Rain may help fight wildfires in Oregon, but may bring other problems
(CNN) -- A storm front is expected to hit western Oregon Thursday evening, and it's going to hit exactly the right spots to help firefighters battling blazes there, according to the state forestry department's fire chief.
A lot of the moisture will be falling on the west slopes of the Cascade Mountains, said Doug Grafe, chief of fire protection for the Oregon Department of Forestry.
"If I could script that out, that's exactly where I would ask for it," Grafe said at a press conference on Thursday.
The 12 fires burning in Oregon have destroyed more than 938,000 acres in the state, according to the National Interagency Fire Center (NIFC).
But there are flash flood watches posted for some areas where the vegetation has been stripped by the fire, and the rains could bring mudslides, according to CNN meteorologist Dave Hennen.
Rain is also forecast for western Washington Thursday night and Friday.
Multiple wildfires in Washington, Oregon and California have burned almost 6 million acres and killed at least 34 people. The NIFC said Friday there are 59 uncontained large fires burning in the West.
In Oregon, officials are battling more than fires: Law enforcement agencies, including the FBI, have been batting down conspiracy theories that Antifa extremists are setting fires and cutting down power lines, Clackamas County, Oregon, Sheriff Craig Roberts said Wednesday.
"Each and every tip that comes in, we're following that to the end," Roberts said, but investigators typically find that the tipsters' information came "from a friend of a friend" who has no evidence. In one case, Roberts said a group reported to be stashing gasoline cans in the forest to start fires was actually "Good Samaritans" helping move fuel for emergency workers.
There are legitimate concerns around the fires, Roberts said. Fifteen people have been arrested in connection with looting in evacuation zones -- none with extremist ties, he said. He also reiterated that it is illegal for individuals to set up their own armed checkpoints.
"We do not want armed citizens inappropriately stopping people," he said.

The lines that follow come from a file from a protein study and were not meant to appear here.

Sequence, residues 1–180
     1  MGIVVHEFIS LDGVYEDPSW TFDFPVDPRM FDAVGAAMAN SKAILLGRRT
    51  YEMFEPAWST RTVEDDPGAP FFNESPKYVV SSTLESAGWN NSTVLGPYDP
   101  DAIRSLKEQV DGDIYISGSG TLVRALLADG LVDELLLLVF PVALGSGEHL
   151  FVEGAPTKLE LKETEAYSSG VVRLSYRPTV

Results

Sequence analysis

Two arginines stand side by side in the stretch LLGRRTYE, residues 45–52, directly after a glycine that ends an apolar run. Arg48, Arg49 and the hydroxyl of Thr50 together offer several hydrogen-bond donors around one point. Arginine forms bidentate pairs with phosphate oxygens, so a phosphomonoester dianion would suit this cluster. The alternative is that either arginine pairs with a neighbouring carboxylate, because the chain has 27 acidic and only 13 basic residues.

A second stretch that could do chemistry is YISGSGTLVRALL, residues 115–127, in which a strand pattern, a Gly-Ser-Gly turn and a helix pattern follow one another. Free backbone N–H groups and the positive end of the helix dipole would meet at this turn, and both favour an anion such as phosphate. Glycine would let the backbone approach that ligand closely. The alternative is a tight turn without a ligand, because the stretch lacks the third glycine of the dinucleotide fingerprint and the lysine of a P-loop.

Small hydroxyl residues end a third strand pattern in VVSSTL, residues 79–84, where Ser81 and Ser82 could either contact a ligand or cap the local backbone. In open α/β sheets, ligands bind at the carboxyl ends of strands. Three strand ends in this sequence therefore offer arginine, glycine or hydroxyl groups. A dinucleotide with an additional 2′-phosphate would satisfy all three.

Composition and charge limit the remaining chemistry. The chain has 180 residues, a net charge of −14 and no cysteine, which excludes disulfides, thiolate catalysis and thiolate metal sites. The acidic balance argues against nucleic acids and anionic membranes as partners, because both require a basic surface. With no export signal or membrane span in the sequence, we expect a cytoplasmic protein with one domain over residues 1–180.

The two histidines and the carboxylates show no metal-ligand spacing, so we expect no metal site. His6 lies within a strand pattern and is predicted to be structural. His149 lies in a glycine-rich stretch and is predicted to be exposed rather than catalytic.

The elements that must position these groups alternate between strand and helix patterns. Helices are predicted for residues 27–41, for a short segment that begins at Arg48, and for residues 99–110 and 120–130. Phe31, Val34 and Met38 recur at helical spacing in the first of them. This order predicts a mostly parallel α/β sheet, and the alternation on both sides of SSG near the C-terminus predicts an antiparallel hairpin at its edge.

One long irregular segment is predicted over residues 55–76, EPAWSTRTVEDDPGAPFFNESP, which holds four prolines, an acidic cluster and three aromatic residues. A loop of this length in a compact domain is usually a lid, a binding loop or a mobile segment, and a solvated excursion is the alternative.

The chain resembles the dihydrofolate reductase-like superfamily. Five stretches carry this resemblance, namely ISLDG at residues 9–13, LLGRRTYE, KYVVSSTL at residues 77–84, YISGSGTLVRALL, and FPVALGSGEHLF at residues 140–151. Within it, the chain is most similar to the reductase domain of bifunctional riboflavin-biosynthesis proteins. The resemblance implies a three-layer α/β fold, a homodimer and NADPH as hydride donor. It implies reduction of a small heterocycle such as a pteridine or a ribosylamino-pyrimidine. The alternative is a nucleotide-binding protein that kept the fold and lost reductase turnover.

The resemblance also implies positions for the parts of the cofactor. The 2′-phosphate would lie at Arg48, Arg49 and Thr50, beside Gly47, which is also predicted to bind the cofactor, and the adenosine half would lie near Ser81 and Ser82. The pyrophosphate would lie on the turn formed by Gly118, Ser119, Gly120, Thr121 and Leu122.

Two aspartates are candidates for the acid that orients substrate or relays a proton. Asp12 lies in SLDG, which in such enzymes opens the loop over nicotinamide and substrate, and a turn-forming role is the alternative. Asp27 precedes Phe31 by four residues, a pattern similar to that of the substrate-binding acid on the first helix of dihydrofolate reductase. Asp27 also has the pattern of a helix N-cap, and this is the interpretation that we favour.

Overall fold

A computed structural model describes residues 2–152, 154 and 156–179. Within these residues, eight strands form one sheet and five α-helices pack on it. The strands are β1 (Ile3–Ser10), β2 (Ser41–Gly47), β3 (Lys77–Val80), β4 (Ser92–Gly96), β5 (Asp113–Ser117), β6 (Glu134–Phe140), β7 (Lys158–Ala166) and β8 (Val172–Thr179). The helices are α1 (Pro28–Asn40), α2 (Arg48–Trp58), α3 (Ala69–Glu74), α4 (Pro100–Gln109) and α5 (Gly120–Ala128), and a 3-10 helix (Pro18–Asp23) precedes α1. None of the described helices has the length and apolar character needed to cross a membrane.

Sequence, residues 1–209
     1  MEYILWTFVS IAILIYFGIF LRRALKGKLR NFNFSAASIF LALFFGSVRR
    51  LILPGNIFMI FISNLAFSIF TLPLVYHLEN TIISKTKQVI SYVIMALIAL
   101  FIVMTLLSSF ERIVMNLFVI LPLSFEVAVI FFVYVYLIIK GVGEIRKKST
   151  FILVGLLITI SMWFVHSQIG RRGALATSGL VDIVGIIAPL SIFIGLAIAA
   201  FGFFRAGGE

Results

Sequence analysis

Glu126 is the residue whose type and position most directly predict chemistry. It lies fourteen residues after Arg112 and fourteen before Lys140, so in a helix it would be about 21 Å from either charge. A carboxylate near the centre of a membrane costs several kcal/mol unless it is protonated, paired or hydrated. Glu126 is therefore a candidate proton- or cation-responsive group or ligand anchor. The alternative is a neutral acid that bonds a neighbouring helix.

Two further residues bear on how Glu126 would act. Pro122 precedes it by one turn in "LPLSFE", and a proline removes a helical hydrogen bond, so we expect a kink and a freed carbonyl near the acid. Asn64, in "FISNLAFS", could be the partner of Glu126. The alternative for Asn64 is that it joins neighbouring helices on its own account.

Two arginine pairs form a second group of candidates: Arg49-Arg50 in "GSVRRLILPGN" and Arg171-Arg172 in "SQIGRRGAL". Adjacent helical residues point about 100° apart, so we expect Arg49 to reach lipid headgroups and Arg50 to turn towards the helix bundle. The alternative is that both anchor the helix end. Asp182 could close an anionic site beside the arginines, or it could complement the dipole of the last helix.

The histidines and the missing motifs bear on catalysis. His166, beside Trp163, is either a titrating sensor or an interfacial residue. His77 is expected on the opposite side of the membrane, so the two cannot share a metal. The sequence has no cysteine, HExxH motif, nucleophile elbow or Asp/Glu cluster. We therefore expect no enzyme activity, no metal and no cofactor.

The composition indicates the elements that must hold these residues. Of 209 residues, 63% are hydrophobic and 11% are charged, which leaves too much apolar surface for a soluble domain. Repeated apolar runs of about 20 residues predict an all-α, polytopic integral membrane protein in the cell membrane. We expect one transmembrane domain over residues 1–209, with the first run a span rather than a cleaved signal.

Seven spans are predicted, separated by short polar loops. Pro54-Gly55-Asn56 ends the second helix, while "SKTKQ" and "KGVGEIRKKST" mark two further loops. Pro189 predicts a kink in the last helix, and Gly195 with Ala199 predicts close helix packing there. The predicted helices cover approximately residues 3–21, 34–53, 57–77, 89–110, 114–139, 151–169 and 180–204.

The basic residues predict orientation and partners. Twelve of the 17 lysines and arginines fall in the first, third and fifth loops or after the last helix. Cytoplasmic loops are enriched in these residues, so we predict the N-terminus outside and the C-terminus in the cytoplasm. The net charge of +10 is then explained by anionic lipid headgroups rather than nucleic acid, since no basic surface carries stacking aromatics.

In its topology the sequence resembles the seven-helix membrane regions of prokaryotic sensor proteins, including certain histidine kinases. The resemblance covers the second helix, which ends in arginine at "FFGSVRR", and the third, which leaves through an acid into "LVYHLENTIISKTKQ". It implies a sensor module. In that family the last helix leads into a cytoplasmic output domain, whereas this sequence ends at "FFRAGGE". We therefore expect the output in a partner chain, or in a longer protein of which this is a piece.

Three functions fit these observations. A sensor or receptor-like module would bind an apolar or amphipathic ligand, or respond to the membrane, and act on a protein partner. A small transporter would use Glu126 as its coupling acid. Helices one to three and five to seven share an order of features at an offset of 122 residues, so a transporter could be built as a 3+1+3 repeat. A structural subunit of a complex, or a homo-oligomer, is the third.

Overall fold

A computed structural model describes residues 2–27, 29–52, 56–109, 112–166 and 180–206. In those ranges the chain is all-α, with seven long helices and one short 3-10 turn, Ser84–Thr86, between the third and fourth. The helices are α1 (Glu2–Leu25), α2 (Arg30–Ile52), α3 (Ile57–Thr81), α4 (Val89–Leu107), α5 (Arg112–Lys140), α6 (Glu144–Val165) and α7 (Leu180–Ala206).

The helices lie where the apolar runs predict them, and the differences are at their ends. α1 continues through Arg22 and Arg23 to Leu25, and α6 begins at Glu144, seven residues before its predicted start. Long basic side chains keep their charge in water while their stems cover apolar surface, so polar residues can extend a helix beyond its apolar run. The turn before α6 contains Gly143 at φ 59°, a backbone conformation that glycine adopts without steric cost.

Governor says fires are a sign of climate change
The fires come on the heels of California's hottest August in state history, and Gov. Gavin Newsom said Wednesday that climate change is to blame.
"The fundamental facts cannot be denied," Newsom said. "The trendlines are not going in the right direction."
The governor's comments come just two days after President Donald Trump refused to acknowledge the effects the climate crisis is having on the state's forest fires during a visit to California, where he joined Newsom on a tour of a wildfire-ravaged area.
Newsom said Wednesday that he "directly confronted the president" on climate change -- though a video of the press briefing from earlier this week shows a gentler exchange between leaders.
"I think there's a way of approaching people and good people can disagree," Newsom said. "And I maintain we are making progress and to the extent we are being heard, I believe we are."
However, he said that he does not expect Trump to "radically change course."
"I will continue to be stubborn as I imagine he will be as well, it's not a belief system, it's data," he said. "Science. You have to acknowledge facts."
California 'ripe for wildfires'
The August Complex Fire is the largest in California's history, having consumed more than 839,000 acres, and continues to burn. And with a warming trend returning over the weekend, authorities said the fire is likely not going anywhere soon. It's 30% contained.
"With no significant precipitation in sight, California remains dry and ripe for wildfires," according to Cal Fire.
More than 17,900 firefighters continue to battle at least 26 active fires, continuing a record setting wildfire year, according to Cal Fire.